Nurses figure prominently in the current pandemic crisis and the public policy debate regarding how the workers’ compensation system is to respond. This debate is the focus of legislative and regulatory action nationwide. In California, Assembly Bill 664 (Cooper), was amended on April 17 to define the term “injury,” for workers’ compensation purposes, to include being exposed to or contracting, on or after Jan. 1, 2020, a communicable disease, including COVID-19, for certain peace officers, firefighters and healthcare employees. The communicable disease must be the subject of a state or local declaration of a state of emergency issued on or after Jan. 1, 2020. The bill also creates a conclusive presumption that the injury arose out of and in the course of the employment and also exempts permanent disability resulting from such communicable diseases  from the apportionment provisions in Labor Code § 4663.

See also: COVID-19: Stark Choices Amid Structural Change  

Gov. Gavin Newsom declared a state of emergency due to COVID-19 on March 4. He subsequently issued a statewide stay-at-home order on March 19. London Breed, the mayor of San Francisco, declared the existence of a local emergency due to COVID-19 on Feb. 25. 

AB 664 also states, “It is the intent of the legislature in enacting this section to fully compensate the peace officers, firefighters and healthcare employees whose lives are placed at risk when they are exposed to or contract COVID-19 or other communicable diseases in the course of performing their duties.”

That last part, “…in the course of performing their duties,” would seem inconsistent with creating a conclusive presumption that would mean, in all cases, that being exposed to or contracting COVID-19 is a compensable injury regardless of whether the injury, as defined in the legislation, occurred arising out of and in the course of employment.

AB 664 is pending in the Senate Labor, Public Employment and Retirement Committee. No hearing has been set.

Also pending in this committee is Senate Bill 1159, written by Sen. Jerry Hill (D-San Mateo), chair of the Senate Labor, Public Employment and Retirement Committee, and Assemblymember Tom Daly (D-Anaheim), chair of the Assembly Insurance Committee. In the California legislature, the Insurance Committee has jurisdiction over workers’ compensation issues in the Assembly.  

SB 1159 is a work in progress. It seeks to create a “disputable” presumption of compensability for certain critical workers whose illness or death results from exposure to COVID-19 during a period in which the critical worker is in the service of an essential critical infrastructure employer. These and other terms will be made more specific during May. Unlike AB 664, SB 1159 has a sunset date, is specifically limited to injuries resulting from COVID-19 and is not retroactive.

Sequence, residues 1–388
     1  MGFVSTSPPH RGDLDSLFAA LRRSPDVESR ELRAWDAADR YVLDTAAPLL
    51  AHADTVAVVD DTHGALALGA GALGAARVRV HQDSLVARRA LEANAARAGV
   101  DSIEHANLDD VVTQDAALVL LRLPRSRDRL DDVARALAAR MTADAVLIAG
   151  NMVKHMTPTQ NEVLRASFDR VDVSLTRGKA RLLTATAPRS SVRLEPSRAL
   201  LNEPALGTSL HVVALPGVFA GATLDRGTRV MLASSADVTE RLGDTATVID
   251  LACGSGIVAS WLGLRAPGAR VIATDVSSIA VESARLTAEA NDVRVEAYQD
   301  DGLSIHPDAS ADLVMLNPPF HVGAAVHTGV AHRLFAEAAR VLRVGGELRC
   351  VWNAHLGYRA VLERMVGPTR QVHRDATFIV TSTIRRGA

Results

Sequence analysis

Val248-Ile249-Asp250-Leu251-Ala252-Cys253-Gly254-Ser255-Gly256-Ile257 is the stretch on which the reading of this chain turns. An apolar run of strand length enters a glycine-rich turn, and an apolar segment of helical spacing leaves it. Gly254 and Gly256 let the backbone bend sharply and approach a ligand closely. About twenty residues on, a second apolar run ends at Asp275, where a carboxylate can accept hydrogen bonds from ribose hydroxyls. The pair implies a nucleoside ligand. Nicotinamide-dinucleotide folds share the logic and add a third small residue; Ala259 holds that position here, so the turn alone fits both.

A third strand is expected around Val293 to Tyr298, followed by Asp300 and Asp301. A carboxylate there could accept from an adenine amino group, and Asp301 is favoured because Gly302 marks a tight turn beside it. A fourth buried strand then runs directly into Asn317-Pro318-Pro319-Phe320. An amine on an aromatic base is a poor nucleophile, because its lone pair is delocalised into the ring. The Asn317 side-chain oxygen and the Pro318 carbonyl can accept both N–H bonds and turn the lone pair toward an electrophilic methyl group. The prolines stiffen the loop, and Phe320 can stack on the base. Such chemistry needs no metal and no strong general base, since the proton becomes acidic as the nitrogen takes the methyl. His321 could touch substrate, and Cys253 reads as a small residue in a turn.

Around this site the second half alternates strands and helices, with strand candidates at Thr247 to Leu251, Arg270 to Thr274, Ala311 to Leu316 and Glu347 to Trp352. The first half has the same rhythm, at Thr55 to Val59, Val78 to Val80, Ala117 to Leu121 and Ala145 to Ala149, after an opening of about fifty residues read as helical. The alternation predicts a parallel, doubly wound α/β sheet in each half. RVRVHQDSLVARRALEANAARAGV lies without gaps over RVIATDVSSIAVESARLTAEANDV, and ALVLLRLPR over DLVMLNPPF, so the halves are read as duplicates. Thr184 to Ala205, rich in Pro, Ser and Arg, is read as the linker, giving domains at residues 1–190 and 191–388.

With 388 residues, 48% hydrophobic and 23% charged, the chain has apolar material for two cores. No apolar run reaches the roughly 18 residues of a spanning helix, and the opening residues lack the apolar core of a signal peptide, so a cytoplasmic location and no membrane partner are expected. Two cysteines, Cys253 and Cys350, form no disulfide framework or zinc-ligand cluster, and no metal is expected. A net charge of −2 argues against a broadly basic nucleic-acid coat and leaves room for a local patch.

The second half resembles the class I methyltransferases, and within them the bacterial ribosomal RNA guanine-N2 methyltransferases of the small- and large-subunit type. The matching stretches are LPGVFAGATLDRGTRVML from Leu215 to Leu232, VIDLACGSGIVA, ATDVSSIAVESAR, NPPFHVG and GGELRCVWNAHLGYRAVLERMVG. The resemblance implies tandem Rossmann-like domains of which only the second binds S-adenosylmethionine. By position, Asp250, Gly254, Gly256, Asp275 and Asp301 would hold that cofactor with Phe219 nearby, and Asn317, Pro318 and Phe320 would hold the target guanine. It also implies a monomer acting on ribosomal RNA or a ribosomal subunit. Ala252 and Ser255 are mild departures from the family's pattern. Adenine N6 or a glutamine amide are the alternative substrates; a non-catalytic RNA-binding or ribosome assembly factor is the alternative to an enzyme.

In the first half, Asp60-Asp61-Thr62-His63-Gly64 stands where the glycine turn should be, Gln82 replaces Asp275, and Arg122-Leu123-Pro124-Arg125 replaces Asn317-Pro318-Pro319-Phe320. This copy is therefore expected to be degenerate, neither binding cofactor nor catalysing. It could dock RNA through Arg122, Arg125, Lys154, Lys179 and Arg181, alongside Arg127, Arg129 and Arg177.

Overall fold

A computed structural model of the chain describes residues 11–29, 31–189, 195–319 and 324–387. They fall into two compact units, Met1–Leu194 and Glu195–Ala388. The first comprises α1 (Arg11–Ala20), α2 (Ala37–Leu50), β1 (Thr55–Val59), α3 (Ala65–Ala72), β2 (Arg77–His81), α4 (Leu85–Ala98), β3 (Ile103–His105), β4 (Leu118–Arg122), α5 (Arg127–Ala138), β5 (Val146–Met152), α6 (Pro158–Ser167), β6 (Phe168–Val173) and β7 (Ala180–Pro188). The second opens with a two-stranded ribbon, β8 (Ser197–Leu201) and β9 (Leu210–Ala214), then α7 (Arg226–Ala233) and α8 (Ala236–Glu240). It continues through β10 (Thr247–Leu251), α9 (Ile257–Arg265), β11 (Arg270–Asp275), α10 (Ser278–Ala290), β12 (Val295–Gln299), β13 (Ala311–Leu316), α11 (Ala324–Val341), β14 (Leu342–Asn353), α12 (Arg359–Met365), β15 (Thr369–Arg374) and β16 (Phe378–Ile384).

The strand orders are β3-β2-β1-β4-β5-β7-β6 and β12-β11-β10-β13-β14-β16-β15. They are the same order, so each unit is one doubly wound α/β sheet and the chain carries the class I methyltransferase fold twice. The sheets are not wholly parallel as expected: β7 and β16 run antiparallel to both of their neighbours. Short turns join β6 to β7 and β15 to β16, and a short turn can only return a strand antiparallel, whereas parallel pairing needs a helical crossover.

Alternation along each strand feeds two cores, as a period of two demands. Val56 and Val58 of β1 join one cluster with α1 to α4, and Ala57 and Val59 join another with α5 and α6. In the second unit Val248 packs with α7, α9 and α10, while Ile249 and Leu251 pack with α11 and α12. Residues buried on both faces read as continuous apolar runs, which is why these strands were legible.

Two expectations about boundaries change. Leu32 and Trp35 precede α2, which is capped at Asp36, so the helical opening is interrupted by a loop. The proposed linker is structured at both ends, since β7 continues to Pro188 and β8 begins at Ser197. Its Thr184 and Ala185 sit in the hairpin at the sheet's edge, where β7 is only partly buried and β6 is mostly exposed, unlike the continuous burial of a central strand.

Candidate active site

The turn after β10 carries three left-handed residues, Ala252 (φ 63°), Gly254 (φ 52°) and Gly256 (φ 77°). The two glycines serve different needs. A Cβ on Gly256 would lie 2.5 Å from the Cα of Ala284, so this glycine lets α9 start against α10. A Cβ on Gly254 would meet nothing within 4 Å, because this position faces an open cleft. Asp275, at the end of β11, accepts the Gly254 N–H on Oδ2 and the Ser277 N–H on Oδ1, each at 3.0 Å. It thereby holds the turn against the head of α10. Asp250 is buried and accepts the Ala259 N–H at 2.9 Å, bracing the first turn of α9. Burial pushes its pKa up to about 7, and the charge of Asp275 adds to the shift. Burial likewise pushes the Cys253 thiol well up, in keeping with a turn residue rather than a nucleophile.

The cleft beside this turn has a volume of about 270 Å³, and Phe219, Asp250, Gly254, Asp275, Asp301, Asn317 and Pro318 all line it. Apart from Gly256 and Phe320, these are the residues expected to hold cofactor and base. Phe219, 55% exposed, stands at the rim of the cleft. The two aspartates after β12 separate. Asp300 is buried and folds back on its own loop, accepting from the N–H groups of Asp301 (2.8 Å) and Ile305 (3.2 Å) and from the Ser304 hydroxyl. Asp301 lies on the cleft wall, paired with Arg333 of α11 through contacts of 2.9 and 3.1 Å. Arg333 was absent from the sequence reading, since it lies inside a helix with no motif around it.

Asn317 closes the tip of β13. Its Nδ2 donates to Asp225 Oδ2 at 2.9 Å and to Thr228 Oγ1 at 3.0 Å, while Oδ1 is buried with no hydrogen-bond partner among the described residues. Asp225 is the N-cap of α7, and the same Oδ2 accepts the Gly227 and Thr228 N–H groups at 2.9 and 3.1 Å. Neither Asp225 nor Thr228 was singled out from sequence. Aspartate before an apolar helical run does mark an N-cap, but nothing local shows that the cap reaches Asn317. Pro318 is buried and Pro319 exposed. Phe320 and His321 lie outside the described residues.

The California debate, including whether Gov. Newsom will issue an executive order encompassing many of the issues framed in these two bills, focuses on five issues: (1) whether a presumption of compensability is conclusive, (2) which workers could claim the presumption, (3) whether the presumption is retroactive (and to when), (4) whether the presumption is limited to COVID-19 exposure and illness and (5) whether exposure alone, without contracting COVID-19, is a compensable injury.

How these issues are resolved will, dare I say, have an existential impact on the workers’ compensation system. A conclusive presumption inevitably means that workers’ compensation will provide healthcare and wage replacement benefits for illnesses not arising from an occupational injury. For the public and private sector classifications most often named to benefit from such a presumption, these benefits would be in place of benefits paid through ERISA plans, various state-mandated leave programs and other employee programs such as sick leave or personal or administrative time off. 

By allowing these changes retrospectively, California would also allow healthcare plans to recoup money paid out in benefits, and prospectively to deny any coverage for COVID-19 from an employee. In essence, workers’ compensation becomes the primary healthcare insurance for any worker subject to the conclusive presumption. It would also allow California’s Employment Development Department (EDD) to recoup money paid under that state’s disability insurance program (SDI) to disabled workers who contracted COVID-19 from community or travel sources. 

The proper role for workers’ compensation in this crisis is to ensure it does what it is intended to do and has done for over a century. Now is not the time to try to lessen the burden on other benefit systems by creating a legal fiction that all exposure to COVID-19 occurs at work for certain employees – even in those occupations that have a high risk for occupational exposure.